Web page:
A team that trades for Bosh couldn’t exclude his salary from its cap, because Bosh’s illness was first known while he played for Miami. He has three years and $75,868,170 remaining on his contract. It’s nearly impossible to see any team dealing for him.

A better guess at the delay: The Heat are exploring using the panels created by the next Collective Bargaining Agreement to handle issues like these. It’s unclear whether he’d be eligible for one, considering he signed and had his medical issue discovered under the current CBA, but the panel could remove his salary from Miami’s cap forever — even if Bosh defies the diagnosis and plays 25 games in a future season.

There are numerous hurdles to going that route, starting with the Heat not being able to begin that process until the next CBA takes effect July 1. That’s also the day free agency begins, so Miami probably doesn’t want have Bosh still occupying cap space as free agents agree to terms.

But the Heat have already come this far with him on the books. It’s worth examining why they’re waiting, and nobody has done that better than Albert Nahmad of Heat Hoops. If you want to learn more, I highly recommend his article on the topic.

Jae Crowder calls out Devin Booker’s teammates for celebrating his 70 points after Suns loss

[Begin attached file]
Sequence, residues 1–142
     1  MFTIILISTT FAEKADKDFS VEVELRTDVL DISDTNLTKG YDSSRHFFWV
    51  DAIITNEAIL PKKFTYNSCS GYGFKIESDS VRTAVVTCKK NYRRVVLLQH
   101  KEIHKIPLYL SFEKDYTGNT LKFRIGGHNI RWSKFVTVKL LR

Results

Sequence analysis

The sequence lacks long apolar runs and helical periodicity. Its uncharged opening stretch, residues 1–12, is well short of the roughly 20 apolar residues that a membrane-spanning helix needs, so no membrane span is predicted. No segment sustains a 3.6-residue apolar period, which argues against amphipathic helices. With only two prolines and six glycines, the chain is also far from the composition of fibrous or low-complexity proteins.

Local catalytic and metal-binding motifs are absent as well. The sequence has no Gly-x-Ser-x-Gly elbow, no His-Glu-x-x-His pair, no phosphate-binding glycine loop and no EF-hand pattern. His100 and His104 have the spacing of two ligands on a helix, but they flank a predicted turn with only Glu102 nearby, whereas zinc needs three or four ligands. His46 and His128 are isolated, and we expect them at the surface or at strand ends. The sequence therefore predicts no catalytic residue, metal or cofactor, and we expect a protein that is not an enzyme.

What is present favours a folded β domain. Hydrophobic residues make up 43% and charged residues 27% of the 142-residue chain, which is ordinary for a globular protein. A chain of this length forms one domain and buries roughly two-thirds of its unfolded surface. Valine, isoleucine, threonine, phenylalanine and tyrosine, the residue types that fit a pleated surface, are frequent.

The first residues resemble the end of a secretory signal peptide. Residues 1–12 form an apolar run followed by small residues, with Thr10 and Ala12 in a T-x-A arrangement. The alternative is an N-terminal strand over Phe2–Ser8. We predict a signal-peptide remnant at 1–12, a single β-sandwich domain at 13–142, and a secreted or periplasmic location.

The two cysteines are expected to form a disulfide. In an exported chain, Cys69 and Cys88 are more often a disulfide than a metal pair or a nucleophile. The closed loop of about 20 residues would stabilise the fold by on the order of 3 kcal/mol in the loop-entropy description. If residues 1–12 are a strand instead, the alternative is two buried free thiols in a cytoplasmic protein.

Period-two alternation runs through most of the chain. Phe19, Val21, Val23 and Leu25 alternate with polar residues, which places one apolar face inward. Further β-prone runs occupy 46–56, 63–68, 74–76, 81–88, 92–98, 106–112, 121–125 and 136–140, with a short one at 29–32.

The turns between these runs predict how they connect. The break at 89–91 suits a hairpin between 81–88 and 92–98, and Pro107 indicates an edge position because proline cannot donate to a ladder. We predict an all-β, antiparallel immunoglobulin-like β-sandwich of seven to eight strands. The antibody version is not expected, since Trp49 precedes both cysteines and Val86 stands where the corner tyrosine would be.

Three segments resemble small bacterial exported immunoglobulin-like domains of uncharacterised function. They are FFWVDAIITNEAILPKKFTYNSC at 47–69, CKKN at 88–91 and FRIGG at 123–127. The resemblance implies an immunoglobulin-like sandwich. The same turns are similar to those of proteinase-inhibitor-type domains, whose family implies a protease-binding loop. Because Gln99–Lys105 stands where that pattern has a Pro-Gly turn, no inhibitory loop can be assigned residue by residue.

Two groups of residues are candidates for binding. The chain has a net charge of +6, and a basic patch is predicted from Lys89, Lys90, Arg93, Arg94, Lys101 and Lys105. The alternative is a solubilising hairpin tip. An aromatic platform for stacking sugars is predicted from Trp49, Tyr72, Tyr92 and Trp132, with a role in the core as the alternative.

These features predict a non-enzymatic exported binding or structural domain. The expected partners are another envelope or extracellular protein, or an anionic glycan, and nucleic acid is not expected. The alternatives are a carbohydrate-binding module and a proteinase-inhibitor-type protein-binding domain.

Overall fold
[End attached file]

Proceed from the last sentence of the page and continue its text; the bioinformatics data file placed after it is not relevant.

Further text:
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Suns guard Devin Booker scored 70 points in a game — both a historic achievement and an inflated accomplishment by a player on a bad team in a loss.

Plenty of NBA players celebrated the former.

Jae Crowder, whose Celtics beat Phoenix in Booker’s 70-point game Friday, emphasized the latter in the comment section of the NBA’s Instagram. And Booker shot back.

Via CSN New England:

The Suns have given up on winning this season. Let them enjoy this fun moment.

It fascinates me how Crowder can be so tough on the court and so sensitive on social media.

Buddy Hield goes 3, steal, 3 in Kings’ incredible comeback against Clippers (video)

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When they were down 18 in the final five minutes against the Clippers yesterday, the Kings faced, by one measure, 10,000-1 odds:

How did Sacramento overcome such daunting odds? Willie Cauley-Stein hit the game-winning putback, but no sequence was bigger than Buddy Hield making a 3-pointer, stealing the inbound pass then immediately making another 3-pointer.

Anthony Davis rattles rim with dunk on Juan Hernangomez (video)

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A sweet-shooting stretch four, Juan Hernangomez has a bright future in the NBA.

It’s not because of his rim protection.